GA Faults Report on Private Jet Travel
July 29, 2009
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  • By Paul Lowe
    Business Aviation, Aerospace Industry

    No sooner had the ink dried on a report by the Institute for Policy Studies and Essential Action (IPS/EA) claiming super-wealthy private jet owners are enjoying tax breaks and luxury at the public’s expense than general aviation stood up to vociferously disagree.

    The think tank’s report recommends imposing a “luxury tax” on private jets and “fixing” the FAA’s funding structure to require private jets to pay their share of the costs. The authors call on Congress to tighten security requirements on private jets and suggest government subsidies spent on fixing small airports that largely serve private jets would be better invested in high-speed rail as an alternative to short-haul air travel.

    “While air travel has become more expensive, uncomfortable and degrading for the rest of us, a growing class of ultra-rich Americans [is] fueling a boom in private jets and flying high on tax breaks,” said Chuck Collins, senior scholar at the IPS and coordinator of the Working Group on Extreme Inequality. “The surge in private jets has real costs to taxpayers, shareholders and everyday air travelers. These high fliers aren’t just living large on their own privilege; they’re threatening our environment, security and the cohesion of our country at our expense.”

    NBAA president and CEO Ed Bolen said the report, “High Flyers: How Private Jet Travel Is Straining the System, Warming the Planet and Costing You Money,” starts with a caricature of general aviation that has been heavily promoted by the airlines but bears no relationship to reality. “Then, it throws a barrage of baseless, over-the-top claims against the wall to see if anything sticks,” he said. “In the end, none of the allegations stick, because the report is both inaccurate and distorted.”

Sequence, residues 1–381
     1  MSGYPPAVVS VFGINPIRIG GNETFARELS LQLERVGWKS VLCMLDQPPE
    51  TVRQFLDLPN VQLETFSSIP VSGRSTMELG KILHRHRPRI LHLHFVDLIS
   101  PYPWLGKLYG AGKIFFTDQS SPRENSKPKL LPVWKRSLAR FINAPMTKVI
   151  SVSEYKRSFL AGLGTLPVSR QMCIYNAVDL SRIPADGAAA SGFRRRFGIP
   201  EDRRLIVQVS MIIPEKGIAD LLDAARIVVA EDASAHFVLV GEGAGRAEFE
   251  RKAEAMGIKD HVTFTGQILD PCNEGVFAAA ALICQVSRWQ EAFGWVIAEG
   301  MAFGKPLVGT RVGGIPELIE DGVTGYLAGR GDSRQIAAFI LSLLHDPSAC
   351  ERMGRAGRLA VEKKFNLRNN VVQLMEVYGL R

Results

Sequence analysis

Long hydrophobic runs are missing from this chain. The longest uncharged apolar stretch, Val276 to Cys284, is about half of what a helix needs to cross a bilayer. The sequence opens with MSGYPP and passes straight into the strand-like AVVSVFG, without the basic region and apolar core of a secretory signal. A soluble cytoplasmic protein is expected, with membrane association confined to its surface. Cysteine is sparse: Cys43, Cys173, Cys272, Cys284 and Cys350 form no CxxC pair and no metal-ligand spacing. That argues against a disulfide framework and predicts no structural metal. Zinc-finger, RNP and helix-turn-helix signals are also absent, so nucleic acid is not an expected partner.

AOPA commented that the report contains almost all of the discredited arguments the airlines have made in support of user fees over the past three years.

    “The air traffic control system is here for the airlines,” association president Phil Boyer told ABC News. He also noted that businesspeople using general aviation bring economic activity to communities, citing Wal-Mart – with its fleet of 40 corporate aircraft – as a company that uses its airplanes to be a leader in class.

    He further pointed out that the airlines have already tried all of the report’s arguments and nobody on Capitol Hill is buying them. “Both houses of Congress have rejected user fees in their FAA reauthorization bills,” he explained.

    The General Aviation Manufacturers Association agreed, saying that the report resurrects the well worn and worn-out airline industry claim that GA does not pay its fair share of the costs associated with ATC services when, in fact, the airlines themselves drive the costs of a hub-and-spoke model that was built primarily to meet their needs.

    “This report will get its 24-hour news cycle and then be retired to the trash can as uninformed slander of one of America’s most dynamic manufacturing industries, a contributor to quality jobs and growing export markets and a form of transportation that is safe, secure and avoids airline-created congestion, while providing travel options where airline service is contracting or is non-existent,” said GAMA president and CEO Pete Bunce.